8. Diels C (2014) Will autonomous vehicles make us sick? In: Sharples S, Shorrock S (eds) Contemporary ergonomics and human factors. CRC Press, Boca Raton, pp 301–307Google Scholar
  9. Dong X, Yoshida K, Stoffregen TA (2011) Control of a virtual vehicle influences postural activity and motion sickness. J Exp Psychol Appl 17:128–138CrossRefPubMedGoogle Scholar
  10. Draper MH, Virre ES, Furness TA, Gawron VJ (2001) Effects of image scale and system time delay on simulator sickness within head-coupled virtual environments. Hum Fact 43:129–146CrossRefGoogle Scholar
  11. Drummond PD (2005) Triggers of motion sickness in migraine sufferers. Headache 45:653–656CrossRefPubMedGoogle Scholar
  12. Era P, Sainio P, Koskinen S, Haavisto P, Vaara M, Aromaa A (2006) Postural balance in a random sample of 7979 subjects aged 40 years and over. Gerontology 52:204–213CrossRefPubMedGoogle Scholar
  13. Giammarco EA, Schneider TJ, Carswell JJ, Knipe WS (2015) Video game preferences and their relation to career interests. Pers Individ Differ 73:98–104CrossRefGoogle Scholar
  14. Golding JF (2006) Motion sickness susceptibility. Autonom Neurosci Basic Clin 129:67–76CrossRefGoogle Scholar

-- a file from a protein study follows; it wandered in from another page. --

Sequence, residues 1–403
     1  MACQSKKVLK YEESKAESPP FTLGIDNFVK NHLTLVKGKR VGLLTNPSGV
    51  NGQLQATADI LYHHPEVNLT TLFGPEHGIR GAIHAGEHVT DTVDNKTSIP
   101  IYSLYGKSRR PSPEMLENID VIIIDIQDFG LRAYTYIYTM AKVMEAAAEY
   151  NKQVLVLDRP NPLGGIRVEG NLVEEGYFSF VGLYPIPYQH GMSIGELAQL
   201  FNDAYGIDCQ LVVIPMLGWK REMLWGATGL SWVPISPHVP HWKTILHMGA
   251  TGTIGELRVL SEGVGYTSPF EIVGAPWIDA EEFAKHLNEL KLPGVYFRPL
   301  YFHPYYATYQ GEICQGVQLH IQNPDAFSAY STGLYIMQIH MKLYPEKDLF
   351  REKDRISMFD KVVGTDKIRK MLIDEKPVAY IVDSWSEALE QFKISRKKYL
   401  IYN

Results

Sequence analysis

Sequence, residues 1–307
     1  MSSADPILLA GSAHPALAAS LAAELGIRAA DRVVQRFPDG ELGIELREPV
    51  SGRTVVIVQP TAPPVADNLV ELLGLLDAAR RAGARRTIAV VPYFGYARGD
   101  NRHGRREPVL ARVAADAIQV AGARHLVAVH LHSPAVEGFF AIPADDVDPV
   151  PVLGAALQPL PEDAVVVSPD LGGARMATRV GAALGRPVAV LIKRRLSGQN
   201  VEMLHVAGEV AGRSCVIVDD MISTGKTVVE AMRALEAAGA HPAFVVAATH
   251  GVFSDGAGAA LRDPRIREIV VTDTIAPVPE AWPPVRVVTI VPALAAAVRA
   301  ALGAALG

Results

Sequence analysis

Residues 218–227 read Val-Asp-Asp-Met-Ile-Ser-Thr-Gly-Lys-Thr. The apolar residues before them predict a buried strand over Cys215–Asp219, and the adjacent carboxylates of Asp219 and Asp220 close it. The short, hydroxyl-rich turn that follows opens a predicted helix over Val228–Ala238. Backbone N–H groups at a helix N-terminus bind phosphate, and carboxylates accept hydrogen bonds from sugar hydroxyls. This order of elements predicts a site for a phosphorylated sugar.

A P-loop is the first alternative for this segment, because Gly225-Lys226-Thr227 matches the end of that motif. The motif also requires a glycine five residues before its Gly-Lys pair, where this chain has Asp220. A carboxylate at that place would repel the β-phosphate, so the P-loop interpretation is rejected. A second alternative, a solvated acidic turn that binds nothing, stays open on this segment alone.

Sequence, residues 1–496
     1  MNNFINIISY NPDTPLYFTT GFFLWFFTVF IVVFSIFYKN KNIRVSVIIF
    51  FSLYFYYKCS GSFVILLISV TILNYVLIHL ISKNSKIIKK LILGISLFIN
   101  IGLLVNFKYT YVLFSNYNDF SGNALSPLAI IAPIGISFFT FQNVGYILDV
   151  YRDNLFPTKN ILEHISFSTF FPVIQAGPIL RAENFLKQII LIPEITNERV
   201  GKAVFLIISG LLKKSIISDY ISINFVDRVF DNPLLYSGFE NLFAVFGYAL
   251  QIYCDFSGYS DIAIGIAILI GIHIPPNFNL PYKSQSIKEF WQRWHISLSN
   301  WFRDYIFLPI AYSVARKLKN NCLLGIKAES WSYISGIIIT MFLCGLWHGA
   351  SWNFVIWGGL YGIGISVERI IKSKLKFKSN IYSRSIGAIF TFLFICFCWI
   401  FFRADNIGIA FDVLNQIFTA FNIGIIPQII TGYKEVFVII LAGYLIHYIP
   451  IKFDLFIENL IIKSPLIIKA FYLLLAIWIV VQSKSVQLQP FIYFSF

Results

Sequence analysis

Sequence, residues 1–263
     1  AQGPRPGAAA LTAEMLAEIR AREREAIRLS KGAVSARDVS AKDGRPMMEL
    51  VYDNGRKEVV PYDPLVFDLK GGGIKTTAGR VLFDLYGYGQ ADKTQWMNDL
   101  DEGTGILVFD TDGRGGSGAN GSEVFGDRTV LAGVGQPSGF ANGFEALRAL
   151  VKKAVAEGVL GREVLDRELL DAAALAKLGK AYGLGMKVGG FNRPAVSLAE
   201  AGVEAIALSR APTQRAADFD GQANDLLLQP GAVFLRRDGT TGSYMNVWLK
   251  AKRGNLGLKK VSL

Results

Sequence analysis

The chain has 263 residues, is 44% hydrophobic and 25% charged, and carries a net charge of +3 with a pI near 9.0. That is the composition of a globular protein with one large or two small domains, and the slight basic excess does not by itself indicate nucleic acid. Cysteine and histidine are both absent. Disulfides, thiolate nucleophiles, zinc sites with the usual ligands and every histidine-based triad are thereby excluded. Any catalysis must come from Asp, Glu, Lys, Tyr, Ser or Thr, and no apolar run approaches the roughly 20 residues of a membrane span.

15. Grannell C (2013). Why iOS7 is making some users sick. http://www.theguardian.com/technology/2013/sep/27/ios-7-motion-sickness-nausea. Accessed June 23 2016
  16. Ihlen EA (2012) Introduction to multifractal detrended fluctuation analysis in Matlab. Front Physiol 3:141CrossRefPubMedPubMedCentralGoogle Scholar
  17. Ihlen EA, Vereijken B (2010) Interaction-dominant dynamics in human cognition: beyond 1/ƒ α fluctuation. J Exp Psychol Gen 139:436–463CrossRefPubMedGoogle Scholar
  18. Ihlen EA, Skjaeret N, Vereijken B (2013) The influence of center-of-mass movements on the variation in the structure of human postural sway. J Biomech 46:484–490CrossRefPubMedGoogle Scholar
  19. Kelty-Stephen DG, Palatinus K, Saltzman E, Dixon JA (2013) A tutorial on multifractality, cascades, and interactivity for empirical times series in ecological science. Ecol Psychol 25:1–62CrossRefGoogle Scholar
  20. Kennedy RS, Lilienthal MG (1994) Measurement and control of motion sickness after-effects from immersion in virtual reality. In: Proceedings of “Virtual Reality and Medicine: the Cutting Edge”. New York: SIG-Advanced Applications, pp 111–119Google Scholar
  21. Kennedy RS, Dunlap WP, Fowlkes JE (1990) Prediction of motion sickness susceptibility. In: Crampton GH (ed) Motion and space sickness. CRC Press, Boca Raton FL, pp 179–215Google Scholar
  22. Kennedy RS, Lane NE, Berbaum KS, Lilienthal MG (1993) Simulator sickness questionnaire: an enhanced method for quantifying simulator sickness. Int J Aviat Psychol 3:203–220CrossRefGoogle Scholar
  23. Kennedy RS, Drexler J, Kennedy RC (2010) Research in visually induced motion sickness. Appl Ergonom 41:494–503CrossRefGoogle Scholar
  24. Kimura D (1997) Sex, sexual orientation and Sex hormones influence human cognitive functions. Biomed Rev 7:33–39CrossRefGoogle Scholar